Learning to be Better Friends

How are Years 3 and 4 learning to be better friends?

It’s well known that children can experience friendship difficulties as they navigate their way through growing up. Many children experience ups and downs and develop strategies for coping with challenges. Some students are better able to communicate their feelings and have the confidence to stop unwanted and negative behaviours. Others find themselves coping by creating inclusive and exclusive groups that can change daily through power dynamics. Recent research has uncovered that hormones play a part in children’s emotional behaviour well before any physical signs of growth and development emerge. This can impact children’s ability to cope appropriately with friendship issues.

At SCAS we recognise the importance of helping students know and understand their feelings and provide strategies they can apply to situations if they arise. We’re being proactive in our approach to developing positive friendships in Years 3 and 4 by providing opportunities, programs and learning experiences for students such as:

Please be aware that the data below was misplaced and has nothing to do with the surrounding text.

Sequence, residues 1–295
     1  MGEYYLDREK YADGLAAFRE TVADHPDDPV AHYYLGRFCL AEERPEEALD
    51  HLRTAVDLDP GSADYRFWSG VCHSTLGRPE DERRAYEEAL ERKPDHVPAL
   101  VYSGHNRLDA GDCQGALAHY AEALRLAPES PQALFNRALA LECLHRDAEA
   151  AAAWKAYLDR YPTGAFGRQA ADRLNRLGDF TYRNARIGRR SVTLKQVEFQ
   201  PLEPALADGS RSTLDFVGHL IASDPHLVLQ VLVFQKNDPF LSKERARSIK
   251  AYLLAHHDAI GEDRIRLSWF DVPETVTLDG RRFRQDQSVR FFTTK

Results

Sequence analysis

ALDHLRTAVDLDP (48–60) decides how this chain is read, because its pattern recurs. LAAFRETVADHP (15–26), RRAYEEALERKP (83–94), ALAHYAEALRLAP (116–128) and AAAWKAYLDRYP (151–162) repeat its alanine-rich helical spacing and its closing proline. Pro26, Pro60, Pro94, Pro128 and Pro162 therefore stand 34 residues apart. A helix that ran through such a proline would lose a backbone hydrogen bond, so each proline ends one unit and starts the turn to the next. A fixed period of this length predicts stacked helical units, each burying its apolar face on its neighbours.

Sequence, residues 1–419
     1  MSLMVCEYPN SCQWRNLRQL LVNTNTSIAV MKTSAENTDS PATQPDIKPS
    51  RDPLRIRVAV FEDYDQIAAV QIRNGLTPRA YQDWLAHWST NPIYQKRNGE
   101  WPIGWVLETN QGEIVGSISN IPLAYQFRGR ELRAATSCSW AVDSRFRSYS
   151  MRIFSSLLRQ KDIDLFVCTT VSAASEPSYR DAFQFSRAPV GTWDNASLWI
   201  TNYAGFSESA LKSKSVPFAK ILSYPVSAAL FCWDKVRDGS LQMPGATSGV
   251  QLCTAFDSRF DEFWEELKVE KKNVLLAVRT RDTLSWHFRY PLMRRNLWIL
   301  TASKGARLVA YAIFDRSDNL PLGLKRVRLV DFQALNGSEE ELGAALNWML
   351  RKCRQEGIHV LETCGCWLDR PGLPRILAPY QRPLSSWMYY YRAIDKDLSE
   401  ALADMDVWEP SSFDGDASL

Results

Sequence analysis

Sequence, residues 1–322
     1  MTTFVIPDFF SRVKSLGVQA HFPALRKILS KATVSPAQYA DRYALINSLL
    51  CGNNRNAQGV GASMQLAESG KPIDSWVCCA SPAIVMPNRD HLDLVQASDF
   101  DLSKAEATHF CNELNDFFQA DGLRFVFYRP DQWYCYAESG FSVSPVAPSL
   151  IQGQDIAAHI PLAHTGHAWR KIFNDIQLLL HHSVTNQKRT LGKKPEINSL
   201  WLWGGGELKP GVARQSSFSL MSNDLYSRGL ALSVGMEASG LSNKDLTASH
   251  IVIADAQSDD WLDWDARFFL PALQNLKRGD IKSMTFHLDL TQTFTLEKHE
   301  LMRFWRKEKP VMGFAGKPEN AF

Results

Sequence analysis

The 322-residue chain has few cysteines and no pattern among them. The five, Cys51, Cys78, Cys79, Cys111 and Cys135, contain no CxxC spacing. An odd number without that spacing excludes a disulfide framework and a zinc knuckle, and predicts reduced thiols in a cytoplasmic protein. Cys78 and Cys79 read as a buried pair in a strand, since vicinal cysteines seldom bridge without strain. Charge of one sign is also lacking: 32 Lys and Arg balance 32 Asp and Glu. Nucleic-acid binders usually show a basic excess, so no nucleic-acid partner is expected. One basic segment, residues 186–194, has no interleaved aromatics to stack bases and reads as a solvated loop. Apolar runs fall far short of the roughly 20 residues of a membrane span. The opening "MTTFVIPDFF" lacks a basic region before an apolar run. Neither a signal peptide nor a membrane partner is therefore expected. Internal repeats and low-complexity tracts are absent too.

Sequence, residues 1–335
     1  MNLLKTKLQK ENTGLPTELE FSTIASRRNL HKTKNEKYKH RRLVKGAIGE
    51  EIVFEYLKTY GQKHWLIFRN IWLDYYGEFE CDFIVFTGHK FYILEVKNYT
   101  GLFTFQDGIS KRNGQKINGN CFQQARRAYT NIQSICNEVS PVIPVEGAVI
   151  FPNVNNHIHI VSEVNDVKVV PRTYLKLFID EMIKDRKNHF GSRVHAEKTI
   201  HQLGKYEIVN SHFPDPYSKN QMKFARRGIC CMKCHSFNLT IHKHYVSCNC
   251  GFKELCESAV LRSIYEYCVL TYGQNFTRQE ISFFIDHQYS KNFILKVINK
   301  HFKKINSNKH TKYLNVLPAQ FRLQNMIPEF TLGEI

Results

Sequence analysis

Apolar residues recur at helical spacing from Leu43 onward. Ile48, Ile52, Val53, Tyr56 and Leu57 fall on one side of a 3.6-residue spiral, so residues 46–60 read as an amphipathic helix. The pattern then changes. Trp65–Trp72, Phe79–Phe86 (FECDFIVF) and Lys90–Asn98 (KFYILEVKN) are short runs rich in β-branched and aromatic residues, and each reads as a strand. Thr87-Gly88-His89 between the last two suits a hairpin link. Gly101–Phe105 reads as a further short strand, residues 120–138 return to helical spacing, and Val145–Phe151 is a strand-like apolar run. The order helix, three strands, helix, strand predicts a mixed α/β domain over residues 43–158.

• Co-curricular clubs and sports that offer the opportunity to build new skills with a variety of peers in structured environments.
  • Lunch time structured play areas that offer a variety of passive play ideas for focused and imaginative play.
  • Rock and Water lessons and activities to develop student’s social skills, confidence, self-reflection and resilience.
  • Daily in class Ground Centre Focus sessions to help students calm themselves, focus their thinking and concentrate on effective breathing.
  • Personal Development lessons in Friendly Schools social and emotional wellbeing and anti-bullying program, and Character First program that delivers a study into effective character traits for students.
  • Brainstorm Productions, which is an award winning in-school theatre production, addressing bullying, cyber safety and resilience. Brainstorm Productions aim to reduce the incidence of bullying in schools and improve student behaviour and wellbeing.

As an additional instalment, girls in Years 3 and 4 spent some time discussing friendships with Mr Hilberts and their teachers.

There are things you can do to help your children develop healthy friendships:

  • Talk about friendships with your child and help them to recognise the positive qualities in themselves and their friends.
  • Talk about kindness, compassion and empathy.
  • Talk to your child about being one that stands up for victims of unkind behaviour.
  • Carefully manage online activity.
  • Create opportunities for children to meet lots of new people outside of school.

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